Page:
[Book Review] Leonardo’s Brain by Leonard Shlain

Leonardo's Brain: Understanding da Vinci's Creative GeniusLeonardo’s Brain: Understanding da Vinci’s Creative Genius by Leonard Shlain
My rating: 4 of 5 stars

What a great idea for a book! A mixture of History, Art History, Psychology, and Brain Science, Leonardo’s Brain is a wonderful attempt to try to get inside da Vinci’s head. The book makes a convincing case that da Vinci was the first real scientist in addition to being the greatest artist who had lived up until his time, and details many of the groundbreaking scientific ideas and artistic techniques he originated. Each chapter is an easy read walking through various aspects of what is known about da Vinci with respect to his life at the time, (homosexuality, vegetarianism, etc.) and how that must have been received by his peers and patrons. The chapters also cover various aspects of what is known about brain function and tries to map these onto what is known about da Vinci. Towards the end of the book Shlain starts to reach into a bit of mysticism with claims that da Vinci had ESP in the form of “remote viewing,” which diminishes the quality of the book (hence four instead of five stars). Shlain’s writing style is very readable and touches on many additional topics, which is sure to fire the imagination of the reader and encourage further reading about the unique genius that was Leonardo da Vinci.

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Microsoft: EmbraceR, ExtendeR, ExtinquisheR

I read with great interest the new blog post over at R Revolutions about the release of “Microsoft R Open 3.3.0.”  And for those of us old enough to remember the Browser Wars of the late 90s, and the resulting  FINDINGS OF FACT concerning Microsoft’s abuse of monopoly power, the first sentence is really eye-catching:

Microsoft R Open 3.3.0, ClarkHeadthe enhanced distribution of open source R, is now available for download for Windows, Mac and Linux systems.

“enhanced.” That sure does sound a lot like “extend.” As in Embrace, extend, and extinquish. Since we’ve already seen this movie, with the only slight plot change, where  there’s a bit of “open” to it, we already know what the intention is. With this admission, Microsoft is either being very honest, or cocky, or just lazy.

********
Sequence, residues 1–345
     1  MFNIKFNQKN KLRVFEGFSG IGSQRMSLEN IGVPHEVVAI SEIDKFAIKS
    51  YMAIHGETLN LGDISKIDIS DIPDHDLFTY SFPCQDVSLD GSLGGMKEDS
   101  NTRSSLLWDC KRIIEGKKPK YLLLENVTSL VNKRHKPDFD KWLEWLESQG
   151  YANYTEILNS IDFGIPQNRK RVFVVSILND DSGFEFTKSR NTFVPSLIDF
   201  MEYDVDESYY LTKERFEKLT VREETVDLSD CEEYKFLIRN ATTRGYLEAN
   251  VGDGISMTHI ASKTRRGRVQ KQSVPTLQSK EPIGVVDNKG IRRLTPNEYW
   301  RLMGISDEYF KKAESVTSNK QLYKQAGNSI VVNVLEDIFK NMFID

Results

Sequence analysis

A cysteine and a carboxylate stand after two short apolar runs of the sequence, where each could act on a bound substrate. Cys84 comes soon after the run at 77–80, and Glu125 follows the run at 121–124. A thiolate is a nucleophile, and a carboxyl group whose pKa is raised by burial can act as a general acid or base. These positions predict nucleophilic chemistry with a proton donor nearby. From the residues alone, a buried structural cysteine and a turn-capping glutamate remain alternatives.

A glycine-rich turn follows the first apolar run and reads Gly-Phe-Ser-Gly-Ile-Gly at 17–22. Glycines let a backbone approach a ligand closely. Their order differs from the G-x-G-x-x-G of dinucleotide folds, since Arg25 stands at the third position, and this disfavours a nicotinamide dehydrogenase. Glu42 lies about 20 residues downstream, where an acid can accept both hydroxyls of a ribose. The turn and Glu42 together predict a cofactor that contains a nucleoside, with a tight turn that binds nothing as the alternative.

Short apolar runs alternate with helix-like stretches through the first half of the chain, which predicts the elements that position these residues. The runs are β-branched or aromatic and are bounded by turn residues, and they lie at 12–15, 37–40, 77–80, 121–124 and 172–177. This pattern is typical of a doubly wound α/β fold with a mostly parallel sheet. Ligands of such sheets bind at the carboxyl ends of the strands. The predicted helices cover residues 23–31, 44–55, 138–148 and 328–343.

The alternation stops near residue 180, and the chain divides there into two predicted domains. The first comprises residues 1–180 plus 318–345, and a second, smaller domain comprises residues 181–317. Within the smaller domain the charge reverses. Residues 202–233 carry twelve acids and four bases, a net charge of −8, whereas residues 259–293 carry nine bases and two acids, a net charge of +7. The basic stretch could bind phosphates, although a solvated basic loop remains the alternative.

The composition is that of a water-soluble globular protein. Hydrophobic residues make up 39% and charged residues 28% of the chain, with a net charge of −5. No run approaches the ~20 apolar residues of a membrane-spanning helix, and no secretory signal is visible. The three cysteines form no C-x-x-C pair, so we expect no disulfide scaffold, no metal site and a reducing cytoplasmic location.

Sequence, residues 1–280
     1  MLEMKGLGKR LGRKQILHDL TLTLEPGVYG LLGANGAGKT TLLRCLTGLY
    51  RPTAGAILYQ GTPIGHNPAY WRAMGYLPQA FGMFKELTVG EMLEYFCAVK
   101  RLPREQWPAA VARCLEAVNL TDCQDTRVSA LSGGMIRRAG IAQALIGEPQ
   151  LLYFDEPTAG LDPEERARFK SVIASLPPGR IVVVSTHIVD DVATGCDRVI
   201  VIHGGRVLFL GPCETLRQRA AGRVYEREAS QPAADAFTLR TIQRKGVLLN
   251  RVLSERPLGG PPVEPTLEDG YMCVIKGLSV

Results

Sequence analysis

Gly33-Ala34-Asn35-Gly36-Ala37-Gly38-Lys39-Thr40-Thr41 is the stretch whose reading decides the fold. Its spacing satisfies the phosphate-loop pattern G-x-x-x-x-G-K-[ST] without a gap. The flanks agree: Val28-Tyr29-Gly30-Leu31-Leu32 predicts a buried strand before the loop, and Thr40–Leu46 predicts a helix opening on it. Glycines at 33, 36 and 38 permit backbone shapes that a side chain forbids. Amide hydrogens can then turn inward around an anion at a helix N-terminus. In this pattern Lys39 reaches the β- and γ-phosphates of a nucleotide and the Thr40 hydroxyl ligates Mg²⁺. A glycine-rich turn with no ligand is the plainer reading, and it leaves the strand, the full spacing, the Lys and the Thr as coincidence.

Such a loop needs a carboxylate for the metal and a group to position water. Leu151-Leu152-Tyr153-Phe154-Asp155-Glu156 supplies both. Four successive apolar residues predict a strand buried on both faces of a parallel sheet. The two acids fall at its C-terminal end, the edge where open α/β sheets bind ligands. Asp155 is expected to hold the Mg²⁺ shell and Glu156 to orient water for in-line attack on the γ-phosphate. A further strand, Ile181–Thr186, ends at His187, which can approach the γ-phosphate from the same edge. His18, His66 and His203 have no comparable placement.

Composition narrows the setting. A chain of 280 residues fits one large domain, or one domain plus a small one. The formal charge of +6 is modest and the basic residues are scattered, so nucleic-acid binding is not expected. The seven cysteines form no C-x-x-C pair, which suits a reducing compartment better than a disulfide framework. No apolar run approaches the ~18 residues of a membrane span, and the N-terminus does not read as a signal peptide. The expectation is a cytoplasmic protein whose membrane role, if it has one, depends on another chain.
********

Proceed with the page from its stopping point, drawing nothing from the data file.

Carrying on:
I use R Studio when I have to use R. (I love ggplot2!) But in general I hate a lot of things about R. And now when I have to go full-contact script-mode, I have more reason to use Python every day.

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[Book Review] The Master Algorithm by Pedro Domingos

The Master Algorithm: How the Quest for the Ultimate Learning Machine Will Remake Our WorldThe Master Algorithm: How the Quest for the Ultimate Learning Machine Will Remake Our World by Pedro Domingos

My rating: 5 of 5 stars

While coached as a guidebook to help find “The Master Algorithm,” the one AI algorithm “that will rule them all” (his words, not mine), this book is much, much more. At times written whimsically, and at times treating very advance material in a way that non-sophisticated readers can understand, the book is part history lesson, part cultural commentary, and part description of the scientific process. I work exactly in the field of Artificial Intelligence and Machine Learning, and I am definitely a member of the target audience. Maybe I’m just an ML fanboy, but I found the treatment of everything, including that of the author’s own work, to be at just the right level to keep the non-specialist interested, while informing the specialist about those other areas, where he is not a specialist.

The book finishes with musings about what it means to be a source of data for the corporations (and governments) that would use that data for good and/or evil. This alone makes the book worth reading. Such candor from those in the field of machine learning is really refreshing.

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Microsoft and LinkedIn: Probably not good. Maybe not bad.

Oh, what to do about the Microsoft and LinkedIn deal? You may decide to delete your LinkedIn account, like Cathy O’Neil did. Or you may just decide to keep it, although unless you’re looking for a job, or looking for newhires, LinkedIn doesn’t really seem to have much value. I haven’t decided to delete my LinkedIn account–mostly because the data is already there, and even if I delete it, I’m sure it’s just “deleted.” I can choose not to use LinkedIn anymore, but I actually do have friends and contacts on LinkedIn, who aren’t on any other social media platform. Maybe I could start using email again. (Do the kids even call it “email” any more?)